This novel is about such important things - research and curiosity and learning about the world. It is about a particular time and place - Scotland in the Enlightenment - when human knowledge was advancing so quickly, a time and place that fascinate me for all sorts of personal reasons. The discipline that engages both Thomas and William is that of medicine, and the passion to understand the working of the human body in order to bring about health and combat disease. There is a softer side to this discipline - that of botany and the understanding of medicinal herbs and their uses, and that becomes William's forte; and the darker side, the study of anatomy, with all the implications of working with the body of someone who once was a living breathing human being.
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8 of 9 people found the following review helpful
5.0 out of 5 stars Page turner with a Difference 22 April 2013
Format:Kindle Edition|Verified Purchase
This is not a "page turner" in the sense that a fast-moving "who dun it" is but this is a thoughtful book, well characterised and, though perhaps a little dark at times, I found I could not put it down.
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1 of 1 people found the following review helpful
Format:Kindle Edition|Verified Purchase
A good idea for a tale set in early 1800's Glasgow. The attention to period detail is excellent and the facts about weaving and plants and their uses are slotted in well. I enjoyed the plot and but the eventual reveal was a bit obvious and too long in arriving. I was getting pretty fed up with moroseness of the main character William Lang over his falling out with his boss and friend Thomas Brown. It was far too thickly laid on and lasted for the whole story. William's dislike of of anatomical research was also over done. Instead of sympathising with William I ended up thinking he was very dull and far too naive. It would have been better for being a lot shorter which is a shame as the author can certainly tell a good tale.
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5.0 out of 5 stars Historical fiction at its best 5 Sep 2014
By AliB
Format:Paperback
It’s a great feeling when you fall in love with a book on the first page, or even the first line, and that’s what happened to me with The Physic Garden by Catherine Czerkawska. The voice is that of William Lang, speaking in 1802. But if the scene he describes is idyllic, we soon know that this is not to last. William, now an old man, is going to tell us how from this fine beginning, everything went wrong. In fact things are already going wrong, because the Physic Garden, owned by Glasgow University and where William will soon be head gardener, is already in decline, polluted by the expanding type foundry, trampled on by marauding students and largely ignored by a medical faculty hooked on the new science of anatomy. But amongst the professors there is one exception, Thomas Brown, a botany lecturer, with whom William strikes up an unlikely and life-changing friendship.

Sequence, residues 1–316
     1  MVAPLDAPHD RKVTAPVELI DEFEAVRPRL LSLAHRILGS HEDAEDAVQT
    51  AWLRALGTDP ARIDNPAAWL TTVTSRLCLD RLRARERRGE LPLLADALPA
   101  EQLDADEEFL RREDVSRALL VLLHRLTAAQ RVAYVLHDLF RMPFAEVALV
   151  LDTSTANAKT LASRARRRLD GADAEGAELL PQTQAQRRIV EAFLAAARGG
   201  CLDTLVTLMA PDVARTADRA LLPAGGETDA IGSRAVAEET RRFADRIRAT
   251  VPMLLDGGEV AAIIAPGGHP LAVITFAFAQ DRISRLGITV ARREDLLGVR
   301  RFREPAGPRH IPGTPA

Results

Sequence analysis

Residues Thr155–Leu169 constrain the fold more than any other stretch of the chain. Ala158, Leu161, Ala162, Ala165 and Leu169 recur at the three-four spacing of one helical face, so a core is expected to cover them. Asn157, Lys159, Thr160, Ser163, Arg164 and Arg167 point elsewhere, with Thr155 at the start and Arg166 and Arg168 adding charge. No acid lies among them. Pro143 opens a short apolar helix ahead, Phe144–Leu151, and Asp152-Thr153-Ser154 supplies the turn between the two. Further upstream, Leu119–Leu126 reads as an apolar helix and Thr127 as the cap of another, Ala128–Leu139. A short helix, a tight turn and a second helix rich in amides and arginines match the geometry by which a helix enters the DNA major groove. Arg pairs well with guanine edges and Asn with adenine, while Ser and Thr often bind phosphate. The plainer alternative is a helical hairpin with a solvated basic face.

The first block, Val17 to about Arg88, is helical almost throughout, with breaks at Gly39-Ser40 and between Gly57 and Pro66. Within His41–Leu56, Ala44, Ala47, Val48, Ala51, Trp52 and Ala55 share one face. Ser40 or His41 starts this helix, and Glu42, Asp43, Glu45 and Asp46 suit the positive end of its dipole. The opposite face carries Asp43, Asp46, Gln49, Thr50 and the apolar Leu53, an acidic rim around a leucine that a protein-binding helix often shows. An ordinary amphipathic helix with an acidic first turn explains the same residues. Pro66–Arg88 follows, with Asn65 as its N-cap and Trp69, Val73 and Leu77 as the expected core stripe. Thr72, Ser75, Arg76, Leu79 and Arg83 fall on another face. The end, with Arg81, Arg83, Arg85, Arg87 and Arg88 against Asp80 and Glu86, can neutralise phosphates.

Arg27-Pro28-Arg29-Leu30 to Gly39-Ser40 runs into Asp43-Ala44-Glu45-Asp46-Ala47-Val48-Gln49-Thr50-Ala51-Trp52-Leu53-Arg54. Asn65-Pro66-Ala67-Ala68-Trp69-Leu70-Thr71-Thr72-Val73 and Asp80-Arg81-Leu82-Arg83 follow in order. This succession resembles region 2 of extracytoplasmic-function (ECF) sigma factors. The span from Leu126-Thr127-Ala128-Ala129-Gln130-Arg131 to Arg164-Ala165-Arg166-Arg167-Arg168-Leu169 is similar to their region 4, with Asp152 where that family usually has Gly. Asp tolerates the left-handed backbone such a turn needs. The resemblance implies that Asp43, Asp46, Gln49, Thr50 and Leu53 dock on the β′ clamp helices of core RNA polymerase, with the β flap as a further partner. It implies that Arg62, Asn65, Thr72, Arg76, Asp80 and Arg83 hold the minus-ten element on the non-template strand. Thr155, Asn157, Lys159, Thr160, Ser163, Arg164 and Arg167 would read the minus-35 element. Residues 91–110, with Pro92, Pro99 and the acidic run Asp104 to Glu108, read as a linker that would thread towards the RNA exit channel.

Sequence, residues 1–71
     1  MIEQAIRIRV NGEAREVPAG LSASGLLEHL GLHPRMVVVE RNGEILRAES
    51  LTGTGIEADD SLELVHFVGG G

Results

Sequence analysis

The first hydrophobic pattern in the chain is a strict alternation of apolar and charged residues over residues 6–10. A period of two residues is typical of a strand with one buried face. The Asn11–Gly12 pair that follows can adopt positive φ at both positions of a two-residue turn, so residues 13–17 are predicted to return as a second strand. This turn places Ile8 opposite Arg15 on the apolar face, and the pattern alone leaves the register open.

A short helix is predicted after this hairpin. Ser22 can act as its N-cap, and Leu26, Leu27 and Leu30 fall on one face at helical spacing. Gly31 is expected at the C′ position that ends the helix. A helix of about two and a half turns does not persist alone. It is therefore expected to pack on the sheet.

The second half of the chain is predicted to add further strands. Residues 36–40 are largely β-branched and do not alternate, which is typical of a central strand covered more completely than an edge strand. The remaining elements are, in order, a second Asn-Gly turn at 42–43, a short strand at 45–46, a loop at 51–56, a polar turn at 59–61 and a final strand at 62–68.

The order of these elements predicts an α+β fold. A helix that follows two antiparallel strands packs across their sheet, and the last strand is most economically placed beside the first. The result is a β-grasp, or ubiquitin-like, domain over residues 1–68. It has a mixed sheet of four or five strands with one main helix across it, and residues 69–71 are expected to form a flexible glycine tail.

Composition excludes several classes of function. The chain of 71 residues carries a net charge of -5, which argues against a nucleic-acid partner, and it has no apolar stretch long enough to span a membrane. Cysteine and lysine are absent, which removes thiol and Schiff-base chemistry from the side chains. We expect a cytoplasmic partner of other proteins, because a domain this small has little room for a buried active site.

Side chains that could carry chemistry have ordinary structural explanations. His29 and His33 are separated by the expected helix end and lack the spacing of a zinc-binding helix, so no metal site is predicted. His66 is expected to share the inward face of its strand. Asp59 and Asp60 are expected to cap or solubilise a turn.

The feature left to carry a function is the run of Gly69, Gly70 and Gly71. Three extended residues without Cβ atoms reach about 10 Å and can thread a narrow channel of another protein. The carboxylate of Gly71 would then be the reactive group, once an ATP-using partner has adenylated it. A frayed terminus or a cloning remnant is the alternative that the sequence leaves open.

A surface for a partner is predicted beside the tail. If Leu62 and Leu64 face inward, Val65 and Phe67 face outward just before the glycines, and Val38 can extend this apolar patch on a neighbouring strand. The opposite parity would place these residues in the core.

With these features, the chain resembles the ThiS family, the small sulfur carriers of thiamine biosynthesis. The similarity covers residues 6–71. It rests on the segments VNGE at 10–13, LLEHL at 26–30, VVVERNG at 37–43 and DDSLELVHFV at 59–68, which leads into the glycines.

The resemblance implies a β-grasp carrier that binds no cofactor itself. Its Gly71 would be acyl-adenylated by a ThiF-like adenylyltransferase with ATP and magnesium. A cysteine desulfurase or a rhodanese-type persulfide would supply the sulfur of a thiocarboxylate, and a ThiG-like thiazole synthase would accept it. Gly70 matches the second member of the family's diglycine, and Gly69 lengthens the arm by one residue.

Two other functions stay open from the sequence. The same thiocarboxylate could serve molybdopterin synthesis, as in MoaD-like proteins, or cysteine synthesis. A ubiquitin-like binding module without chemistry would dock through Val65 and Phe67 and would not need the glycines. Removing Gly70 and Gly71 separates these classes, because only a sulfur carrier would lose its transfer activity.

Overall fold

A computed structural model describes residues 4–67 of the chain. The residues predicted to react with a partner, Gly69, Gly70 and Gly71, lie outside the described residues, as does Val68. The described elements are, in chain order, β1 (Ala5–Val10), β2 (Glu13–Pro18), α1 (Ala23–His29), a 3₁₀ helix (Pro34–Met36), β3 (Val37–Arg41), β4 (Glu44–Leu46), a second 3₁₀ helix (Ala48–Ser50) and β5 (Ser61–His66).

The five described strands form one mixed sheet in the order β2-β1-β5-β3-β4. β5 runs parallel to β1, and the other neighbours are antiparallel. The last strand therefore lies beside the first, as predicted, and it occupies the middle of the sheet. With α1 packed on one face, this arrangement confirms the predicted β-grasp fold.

William’s story is an essentially private one of an old man seeing how in his younger days he was too naïve, but still cannot entirely regret that naivety. But as in the best historical fiction the individual becomes a prism through which we view the place and time in which he lived. We feel the pressures on a young man suddenly becoming the bread-winner for his large family, his anger at a feckless sister, his concern over a sickly child, his hero-worship of his fine new friend. On a wider scale we see his disquiet at the apparent supremacy of surgery over physiological remedies and the new forms of sickness and poverty arriving in the wake of industrialisation. We also glimpse the radicalism he will embrace in his later life.
But mostly this is a book about friendship and although the romance hinted at in the first line plays a part, William knows there are more enduring forms of love.